The Case of HM

Scientists learned a lot about the neuroanatomy of memory and amnesia more than half a century ago from the case of a young man in Connecticut (now famous in the medical literature as HM) who underwent brain surgery for relief from epileptic seizures. Taking desperate measures to stop the seizures, a Yale surgeon removed large portions of both medial temporal lobes, including the hippocampus, the amygdala, and the entorhinal and perirhinal cortices. The surgery controlled HM's epilepsy, but it left him with profound amnesia.

Although his procedural memory and his memory for events prior to the surgery were largely unaffected, HM was unable to learn new factual information or create new episodic memories. He described his experience in the following words: "Right now, I'm wondering, have I done or said anything amiss? You see, at this moment everything looks clear to me, but what happened just before? That's what worries me. It's like waking from a dream. I just don't remember."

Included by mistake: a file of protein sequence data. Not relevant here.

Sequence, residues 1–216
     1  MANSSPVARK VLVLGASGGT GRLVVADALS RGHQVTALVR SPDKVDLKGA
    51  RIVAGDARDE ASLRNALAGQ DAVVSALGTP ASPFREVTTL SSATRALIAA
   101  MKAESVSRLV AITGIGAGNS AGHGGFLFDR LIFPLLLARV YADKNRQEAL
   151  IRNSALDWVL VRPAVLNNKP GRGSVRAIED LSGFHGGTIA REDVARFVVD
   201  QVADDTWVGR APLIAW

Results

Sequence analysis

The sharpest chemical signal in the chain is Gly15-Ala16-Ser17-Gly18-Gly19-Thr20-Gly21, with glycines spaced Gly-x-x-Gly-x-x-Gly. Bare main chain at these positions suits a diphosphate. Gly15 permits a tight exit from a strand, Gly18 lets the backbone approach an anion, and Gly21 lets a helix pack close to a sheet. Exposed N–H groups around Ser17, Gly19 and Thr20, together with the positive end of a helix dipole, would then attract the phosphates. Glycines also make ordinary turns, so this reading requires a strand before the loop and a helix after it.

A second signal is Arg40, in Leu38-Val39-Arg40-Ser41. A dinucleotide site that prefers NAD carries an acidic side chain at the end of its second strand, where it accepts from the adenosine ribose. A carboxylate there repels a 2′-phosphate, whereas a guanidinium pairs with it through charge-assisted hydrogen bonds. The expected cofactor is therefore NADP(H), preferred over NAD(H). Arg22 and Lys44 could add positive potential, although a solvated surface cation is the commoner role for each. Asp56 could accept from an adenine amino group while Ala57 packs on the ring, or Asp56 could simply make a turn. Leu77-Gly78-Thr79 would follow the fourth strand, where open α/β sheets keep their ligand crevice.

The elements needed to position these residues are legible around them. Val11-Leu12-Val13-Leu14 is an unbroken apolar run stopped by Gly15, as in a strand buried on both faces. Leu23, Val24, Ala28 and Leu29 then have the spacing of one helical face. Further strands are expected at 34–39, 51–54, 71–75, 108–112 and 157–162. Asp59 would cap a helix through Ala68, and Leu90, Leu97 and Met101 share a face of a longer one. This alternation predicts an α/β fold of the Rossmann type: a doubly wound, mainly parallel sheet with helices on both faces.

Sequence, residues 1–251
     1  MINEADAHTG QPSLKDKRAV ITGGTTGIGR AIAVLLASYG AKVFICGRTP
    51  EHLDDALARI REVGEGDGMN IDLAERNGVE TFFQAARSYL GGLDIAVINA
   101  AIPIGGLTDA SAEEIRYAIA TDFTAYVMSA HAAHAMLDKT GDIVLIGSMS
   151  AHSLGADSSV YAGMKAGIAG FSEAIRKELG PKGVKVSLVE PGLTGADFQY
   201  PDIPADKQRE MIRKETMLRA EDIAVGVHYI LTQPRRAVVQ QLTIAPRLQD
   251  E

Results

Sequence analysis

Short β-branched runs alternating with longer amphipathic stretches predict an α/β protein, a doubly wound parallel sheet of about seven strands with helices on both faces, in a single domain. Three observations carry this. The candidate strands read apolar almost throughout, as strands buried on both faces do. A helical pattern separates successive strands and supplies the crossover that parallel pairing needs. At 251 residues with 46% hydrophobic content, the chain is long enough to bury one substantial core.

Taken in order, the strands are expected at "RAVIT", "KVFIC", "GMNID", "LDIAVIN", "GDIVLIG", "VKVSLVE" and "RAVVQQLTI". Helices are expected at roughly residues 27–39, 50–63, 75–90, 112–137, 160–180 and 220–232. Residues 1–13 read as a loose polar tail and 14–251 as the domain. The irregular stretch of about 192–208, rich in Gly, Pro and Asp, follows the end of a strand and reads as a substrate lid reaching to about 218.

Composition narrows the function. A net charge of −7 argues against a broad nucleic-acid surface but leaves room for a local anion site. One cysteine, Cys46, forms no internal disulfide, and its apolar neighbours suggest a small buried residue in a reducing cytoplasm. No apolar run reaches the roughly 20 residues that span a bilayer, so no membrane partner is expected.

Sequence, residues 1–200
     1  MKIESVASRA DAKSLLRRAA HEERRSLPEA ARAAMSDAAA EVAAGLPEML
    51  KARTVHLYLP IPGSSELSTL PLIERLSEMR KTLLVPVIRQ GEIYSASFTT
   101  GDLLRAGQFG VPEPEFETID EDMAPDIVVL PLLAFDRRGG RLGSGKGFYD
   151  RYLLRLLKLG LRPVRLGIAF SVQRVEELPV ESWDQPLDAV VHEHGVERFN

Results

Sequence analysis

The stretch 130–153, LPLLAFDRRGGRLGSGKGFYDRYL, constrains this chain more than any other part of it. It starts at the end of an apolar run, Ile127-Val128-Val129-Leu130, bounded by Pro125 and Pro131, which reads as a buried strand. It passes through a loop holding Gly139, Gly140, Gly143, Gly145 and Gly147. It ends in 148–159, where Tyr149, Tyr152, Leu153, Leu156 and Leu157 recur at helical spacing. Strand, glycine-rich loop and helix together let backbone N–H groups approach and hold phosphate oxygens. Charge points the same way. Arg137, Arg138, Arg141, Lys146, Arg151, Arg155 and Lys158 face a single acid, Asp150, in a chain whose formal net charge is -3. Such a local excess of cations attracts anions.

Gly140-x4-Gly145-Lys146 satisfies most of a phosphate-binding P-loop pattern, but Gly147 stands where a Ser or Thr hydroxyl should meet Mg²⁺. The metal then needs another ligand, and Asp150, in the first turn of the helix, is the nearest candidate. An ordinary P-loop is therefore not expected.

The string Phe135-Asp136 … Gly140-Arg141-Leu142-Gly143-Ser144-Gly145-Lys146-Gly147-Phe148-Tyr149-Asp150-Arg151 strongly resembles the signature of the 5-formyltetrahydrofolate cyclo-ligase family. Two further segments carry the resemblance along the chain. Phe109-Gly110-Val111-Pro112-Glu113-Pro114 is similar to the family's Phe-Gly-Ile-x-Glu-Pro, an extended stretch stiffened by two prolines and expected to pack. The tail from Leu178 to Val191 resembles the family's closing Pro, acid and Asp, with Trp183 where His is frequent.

erase the most central aspects of personal identity while sparing general functional capacity makes for an intriguing movie plot but does not make neurological sense.

In real life, people with amnesia caused by a concussive injury don't forget everything. They retain their general level of intelligence and a normal span of attention. They can form short-term memories lasting perhaps a few minutes, provided that there is no intervening interference. The breakdown primarily occurs with new fact learning and recall of episodic memories, which are formed and stored by the affected structures.

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